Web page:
How To

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From Xplor: September/October 2019

The s’mores are gone and the fire has burned down to coals. Night creeps in from the pitch-black woods. Now is the perfect time to send your buddies off to bed with the perfect spooky story. Here’s how to spin a tale of terror that will raise goosebumps on their arms — in a good way.

Here’s How You Tell It:

Ease Into It

Don’t announce that you’re about to tell a spooky story. Poke the campfire coals with a stick and send some embers into the sky. When all eyes have turned your way, begin talking quietly, as if you’re remembering something. Something that you would rather not talk about. But something that your fellow campers simply must hear.

I was camping beside this very creek about a year ago when something strange happened. I don’t like to talk about it. But since we’re here, I think you should know.

Set the Stage

Make sure your story takes place in the same location where you’re camping. If a twig snaps or an owl hoots, mention how the people in your story heard the exact same thing. If lightning flickers, be sure to work a brewing storm into your tale. And if one of your buddies found a strange footprint near your campsite, the same print better find a way into your story.

We were sitting around a campfire just like this when we heard something rustle in the woods. We didn’t think much about it and went to bed. But the next morning we found half of our juice boxes empty. And here’s the weird thing: They hadn’t been opened. Each box had two holes in it, as if it had been stabbed with tiny straws — or fangs.

Act It Out

Channel your inner actor. Use facial expressions, hand gestures, and sound effects to act out the exciting parts. Whisper slowly to build suspense. Belt out words quickly when the action is rolling. Don’t recite your story as if you’re reading from a textbook.

We saw it, standing on a stump, right over there. It looked like a normal chipmunk at first. But then it yawned, like it was tired from being up all night. And inside its cute little mouth, instead of buck teeth like a normal chipmunk, this one had fangs.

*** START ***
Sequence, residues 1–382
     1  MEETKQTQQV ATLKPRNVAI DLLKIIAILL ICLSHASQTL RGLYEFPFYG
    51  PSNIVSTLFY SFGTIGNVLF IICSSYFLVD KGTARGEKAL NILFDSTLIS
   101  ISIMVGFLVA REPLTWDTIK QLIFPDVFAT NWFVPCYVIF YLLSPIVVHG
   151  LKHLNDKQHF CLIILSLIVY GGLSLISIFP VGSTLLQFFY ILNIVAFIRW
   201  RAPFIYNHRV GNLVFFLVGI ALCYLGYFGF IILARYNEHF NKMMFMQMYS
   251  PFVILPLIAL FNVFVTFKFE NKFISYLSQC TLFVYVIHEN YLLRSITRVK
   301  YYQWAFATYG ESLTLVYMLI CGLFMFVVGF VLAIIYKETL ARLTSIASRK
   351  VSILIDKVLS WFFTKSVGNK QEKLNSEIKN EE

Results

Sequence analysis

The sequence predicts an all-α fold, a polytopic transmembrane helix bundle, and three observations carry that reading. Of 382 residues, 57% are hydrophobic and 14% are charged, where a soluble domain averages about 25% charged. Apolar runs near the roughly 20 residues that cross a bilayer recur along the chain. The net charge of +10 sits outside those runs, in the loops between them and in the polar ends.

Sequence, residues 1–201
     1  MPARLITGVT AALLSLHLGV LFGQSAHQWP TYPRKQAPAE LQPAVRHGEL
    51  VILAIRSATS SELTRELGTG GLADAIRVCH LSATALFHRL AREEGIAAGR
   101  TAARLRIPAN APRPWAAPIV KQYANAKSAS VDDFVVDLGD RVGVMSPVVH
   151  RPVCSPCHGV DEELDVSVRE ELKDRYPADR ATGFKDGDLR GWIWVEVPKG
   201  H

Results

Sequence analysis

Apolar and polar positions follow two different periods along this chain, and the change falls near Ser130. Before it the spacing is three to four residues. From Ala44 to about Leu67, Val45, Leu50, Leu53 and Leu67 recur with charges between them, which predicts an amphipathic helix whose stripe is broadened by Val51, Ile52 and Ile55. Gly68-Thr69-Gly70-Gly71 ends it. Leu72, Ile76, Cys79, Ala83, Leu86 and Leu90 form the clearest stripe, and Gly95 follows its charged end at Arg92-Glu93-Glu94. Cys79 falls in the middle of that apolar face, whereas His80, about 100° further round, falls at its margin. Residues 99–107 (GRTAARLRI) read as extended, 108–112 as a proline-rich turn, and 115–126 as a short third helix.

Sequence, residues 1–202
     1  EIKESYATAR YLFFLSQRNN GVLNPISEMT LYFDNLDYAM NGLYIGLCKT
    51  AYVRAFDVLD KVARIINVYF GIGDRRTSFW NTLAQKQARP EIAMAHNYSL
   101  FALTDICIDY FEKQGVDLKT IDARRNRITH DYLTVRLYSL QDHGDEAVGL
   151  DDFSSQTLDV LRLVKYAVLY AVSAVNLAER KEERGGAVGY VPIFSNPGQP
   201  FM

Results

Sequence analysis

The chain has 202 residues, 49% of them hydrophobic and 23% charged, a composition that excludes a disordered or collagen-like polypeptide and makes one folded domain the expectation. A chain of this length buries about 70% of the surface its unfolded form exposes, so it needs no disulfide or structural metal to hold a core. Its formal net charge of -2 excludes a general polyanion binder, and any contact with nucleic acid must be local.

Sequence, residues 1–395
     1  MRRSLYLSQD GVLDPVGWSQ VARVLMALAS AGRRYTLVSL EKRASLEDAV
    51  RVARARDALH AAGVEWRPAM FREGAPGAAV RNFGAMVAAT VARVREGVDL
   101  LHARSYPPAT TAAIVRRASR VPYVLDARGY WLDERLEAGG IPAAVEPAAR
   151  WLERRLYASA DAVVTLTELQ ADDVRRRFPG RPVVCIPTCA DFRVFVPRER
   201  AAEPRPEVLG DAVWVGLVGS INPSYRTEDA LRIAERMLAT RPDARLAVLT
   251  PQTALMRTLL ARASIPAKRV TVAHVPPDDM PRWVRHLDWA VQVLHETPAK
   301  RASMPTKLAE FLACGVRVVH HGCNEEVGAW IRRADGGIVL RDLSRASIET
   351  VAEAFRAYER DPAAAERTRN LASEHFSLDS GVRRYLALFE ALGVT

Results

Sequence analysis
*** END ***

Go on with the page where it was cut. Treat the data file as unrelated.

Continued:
It scurried away when it saw us. We knew we had to save the woods from this vampire chipmunk. So we re-filled one of the empty juice boxes with kerosene from our stove. Then we sealed it up and left it on the picnic table.

Read Your Audience

If your buddies begin covering up yawns, they may be losing interest. Pick up the pace and add some more action. If they scoot closer to the campfire, maybe your story is getting too scary. Time to tone down the spooky parts.

That night we hid in our tents with our flashlights ready. Just after sunset we heard: Pop! Hiss! Gulp, gulp, gulp. We flicked on our flashlights just in time to see the chipmunk drain the last drop of kerosene from the juice box. His beady eyes glowed blood-red.

Finish Big

Don’t reveal the outcome of your story until the end. In fact, wait until the very last sentence if you can manage. When you’re done, and everyone is still pondering your tale, turn toward your tent, pause dramatically, and say, “Sleep tight.”

Suddenly, the chipmunk jumped off the table and began racing around it. Round he went, maybe a dozen times. Then he just flopped over and lay very still.

Was he dead?

No. He’d just run out of gas.

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This Issue's Staff

Bonnie Chasteen
Les Fortenberry
Karen Hudson
Angie Daly Morfeld
Noppadol Paothong
Marci Porter
Mark Raithel
Laura Scheuler
Matt Seek
David Stonner
Nichole LeClair Terrill
Stephanie Thurber
Cliff White